I’m trying to work on something for a competition at the moment, but I’m struggling to find the suitable levels of inspiration. Sometimes you have to know what you want to say and unfortunately I’m still not sure what I want to say, which is a distinct disadvantage. So here’s a load of crap about movie gunfights until said inspiration squeezes its way under the door and onto my idle lap.
I love a good shoot out. Not keen on horror movie gore at all but give me a load of idiots trying to pop a cap in each others asses (as the saying, apparently, goes) then I’m in heaven. The last 20 minutes of The Wild Bunch constitutes the never to be bettered peak of the CGI-less movie gunfight; a showdown peak that can never be scaled, but here’s 10 times other films have aimed for the moon and fallen amongst the stars. Or something like that. In no order other than numerical:
- The Way Of The Gun. I struggle to find anyone who has seen this sweaty Tex-Mex crime thriller with Benicio Del Toro, James Caan and a splendid supporting cast. It does very well for set pieces and none more so than the final, desperate scenes in, where else, a hacienda whore house. A film that rewards repeat viewings and more proof that Del Toro is the Warren Oates of his generation.
- Open Range. This is where Kevin Costner saw his career and reputation fully restored. A slow, thoughtful, old school western that almost competes with Unforgiven for pathos and feeling. All roads lead to the final gunfight which is furiously delivered and filmed in such a way that it smashes away almost every cliché in the book. Totally worth the wait.
- Bring Me The Head Of Alfredo Garcia. Of course Peckinpah has a place in this list, he is to gunfights what Elvis was to rock and roll. I almost went for the hotel shoot out at the end of The Getaway but Garcia wins by having 3 great scenes all to its own. The best is a jumpy bullet threesome involving Warren Oates, two gay hitmen and an entire Mexican family, all played out by the side of a road and coated in a haze of dust and melancholy. Only Warren Oates survives. But he gets it in the end, because movies like this aren’t supposed to end well.
- Commando. So ludicrous it’s actually funny once you’ve watched it a few times. Arnie goes to rescue his daughter from a bunch of Latin American clowns but rather than bring one gun and lots of ammo he just brings lots of guns that get thrown away once they’re empty. If you find the idea of him walking around topless through the grounds of a villa calmly mowing down dozens of complete morons then this is for you. I believe it has one of the highest body counts for any film, though I also believe that the next film beats it. Just as Clint always beats Arnie.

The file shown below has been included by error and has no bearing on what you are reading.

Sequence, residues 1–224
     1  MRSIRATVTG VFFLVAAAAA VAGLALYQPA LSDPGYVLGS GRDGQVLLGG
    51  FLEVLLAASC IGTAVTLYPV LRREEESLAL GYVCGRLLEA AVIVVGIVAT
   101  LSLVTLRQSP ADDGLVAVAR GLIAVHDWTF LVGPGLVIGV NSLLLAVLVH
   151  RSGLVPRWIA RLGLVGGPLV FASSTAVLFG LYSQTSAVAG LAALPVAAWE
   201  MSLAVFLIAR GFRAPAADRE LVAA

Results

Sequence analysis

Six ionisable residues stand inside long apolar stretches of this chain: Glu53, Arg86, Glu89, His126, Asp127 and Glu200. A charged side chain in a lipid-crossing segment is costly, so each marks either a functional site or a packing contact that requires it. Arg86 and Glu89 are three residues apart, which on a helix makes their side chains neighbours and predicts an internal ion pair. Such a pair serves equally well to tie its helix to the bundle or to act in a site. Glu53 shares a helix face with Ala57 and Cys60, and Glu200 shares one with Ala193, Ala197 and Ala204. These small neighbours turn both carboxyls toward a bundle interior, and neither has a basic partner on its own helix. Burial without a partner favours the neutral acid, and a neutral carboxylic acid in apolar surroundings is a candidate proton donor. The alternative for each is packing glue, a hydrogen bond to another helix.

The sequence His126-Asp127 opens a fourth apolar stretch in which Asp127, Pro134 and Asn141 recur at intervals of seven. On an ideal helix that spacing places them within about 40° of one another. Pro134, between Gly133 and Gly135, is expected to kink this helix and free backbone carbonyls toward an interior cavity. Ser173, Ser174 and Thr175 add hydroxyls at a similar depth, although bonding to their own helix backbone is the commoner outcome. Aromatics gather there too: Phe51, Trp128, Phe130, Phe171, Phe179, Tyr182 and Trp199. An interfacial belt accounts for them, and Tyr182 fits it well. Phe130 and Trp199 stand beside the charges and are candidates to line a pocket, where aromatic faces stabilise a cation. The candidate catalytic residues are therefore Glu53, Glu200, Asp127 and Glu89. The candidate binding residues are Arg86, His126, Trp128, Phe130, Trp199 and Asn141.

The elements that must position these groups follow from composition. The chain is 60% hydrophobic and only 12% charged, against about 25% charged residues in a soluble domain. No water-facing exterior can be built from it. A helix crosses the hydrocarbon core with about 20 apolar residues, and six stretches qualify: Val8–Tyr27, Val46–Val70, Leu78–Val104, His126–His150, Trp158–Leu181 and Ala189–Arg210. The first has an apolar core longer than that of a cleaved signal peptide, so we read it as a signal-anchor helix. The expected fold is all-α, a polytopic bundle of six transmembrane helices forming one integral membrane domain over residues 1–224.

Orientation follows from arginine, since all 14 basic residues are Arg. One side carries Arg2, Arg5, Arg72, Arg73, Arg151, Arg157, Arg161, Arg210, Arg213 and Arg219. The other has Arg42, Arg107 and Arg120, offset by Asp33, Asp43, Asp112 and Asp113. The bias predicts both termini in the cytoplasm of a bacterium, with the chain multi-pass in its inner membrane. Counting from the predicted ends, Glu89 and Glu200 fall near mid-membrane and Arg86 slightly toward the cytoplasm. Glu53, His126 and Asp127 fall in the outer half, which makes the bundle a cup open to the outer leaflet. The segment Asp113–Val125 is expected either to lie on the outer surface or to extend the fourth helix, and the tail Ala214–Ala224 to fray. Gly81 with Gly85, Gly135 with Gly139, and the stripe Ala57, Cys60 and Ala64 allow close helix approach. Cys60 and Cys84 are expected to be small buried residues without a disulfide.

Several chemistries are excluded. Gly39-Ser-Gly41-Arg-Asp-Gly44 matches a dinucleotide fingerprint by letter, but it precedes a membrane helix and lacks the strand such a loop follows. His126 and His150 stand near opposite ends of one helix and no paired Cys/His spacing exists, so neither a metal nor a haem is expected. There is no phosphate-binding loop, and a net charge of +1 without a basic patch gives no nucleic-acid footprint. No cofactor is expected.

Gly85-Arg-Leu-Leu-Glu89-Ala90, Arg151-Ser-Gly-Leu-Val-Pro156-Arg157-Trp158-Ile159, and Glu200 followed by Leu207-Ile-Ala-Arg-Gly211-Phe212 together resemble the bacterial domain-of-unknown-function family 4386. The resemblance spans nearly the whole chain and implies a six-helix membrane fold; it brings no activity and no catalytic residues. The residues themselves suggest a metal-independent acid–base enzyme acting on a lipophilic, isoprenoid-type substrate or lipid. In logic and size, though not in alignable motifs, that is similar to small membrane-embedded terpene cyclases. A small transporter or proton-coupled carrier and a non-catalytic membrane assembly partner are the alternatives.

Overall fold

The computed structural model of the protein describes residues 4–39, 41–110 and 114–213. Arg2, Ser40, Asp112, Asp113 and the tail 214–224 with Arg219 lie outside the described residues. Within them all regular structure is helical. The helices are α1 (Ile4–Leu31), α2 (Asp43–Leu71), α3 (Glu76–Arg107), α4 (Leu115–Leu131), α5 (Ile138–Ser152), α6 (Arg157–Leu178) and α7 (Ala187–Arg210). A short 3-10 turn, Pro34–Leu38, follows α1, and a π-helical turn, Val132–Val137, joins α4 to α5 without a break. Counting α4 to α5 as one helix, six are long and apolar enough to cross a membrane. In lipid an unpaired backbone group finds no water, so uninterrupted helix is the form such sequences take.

- Where Eagles Dare. Richard Burton apparently made this for Liz Taylor’s sons (and presumably the $1,200,000 fee) , who wanted to see him in a boys own action movie. He and Eastwood got on famously, despite Burton being ‘in his cups’ most of the time. And who wouldn’t want to keep on the right side of Eastwood, a near silent American assassin who’s main job description seems to be to kill as many Germans as possible. It is an impeccable war film and the only time Burton and Eastwood starred together. Pity.
- Heat. Heat is a tremendous piece of film making for lots of different reasons. It’s centrepiece is a breathless cops and robbers gun-fest with Val Kilmer winning the cooler than most award. It’s become one of those weekend films that you stumble on a third of the way through, usually just before midnight, and then feel compelled to watch to the end. Which can be tricky because this scene is very loud.
- Sicario. A modern classic already and gripping from start to finish. The brief exchange (in fact all one sided) of gunfire as Josh Brolin and friends try to cross back over the border is made so much better because the build is brilliant: a looming, menacing score and some surgical aerial photography combine to disorientate and further deliver a deep sense of unseen danger ahead. Sicario 2 isn’t bad, but it many ways it doesn’t even come close.
- John Wick. As a film concerning an avenging hitman up against an army of tooled up Russians there is really very little subtlety to this. And yet when Keanu Reeves makes his way through a nightclub his rampage takes on an almost balletic quality. You are never not rooting for him and there is something quite admirable in the way he shoots everyone he tackles a couple of extra times each, just to make sure. John Wick is nothing if not professional.
- Tombstone. Despite becoming something of a cult classic Tombstone actually did OK (no pun intended, but happy to take any complements) at the box office and deserves to be championed at every opportunity. The star of this film is, again, Val Kilmer who makes for a highly quotable and hip Doc Holliday, as well as being as quick as a whippet with his big iron. Every scene with him in is very good and he ends the film with a one on one duel against Michael Biehn as Johnny Ringo; and that scene is very, very good indeed.
- The Long Goodbye. I was considering discussing the virtues of the final bloodbath in Stallone’s Rambo update but I’ll go the other way and finish with one shot. Robert Altman’s 70’s adaptation of Raymond Chandler’s novel is one of the very coolest films ever. Elliot Gould plays it super genial and almost horizontal but you also know he’s nobody’s fool and this makes the final act both bleak and satisfying at the same time. Not really a gun fight at all, just one gunshot, but beautifully captured. At least I think so.
Right then, back to that competition. Could go either way. Better get ready.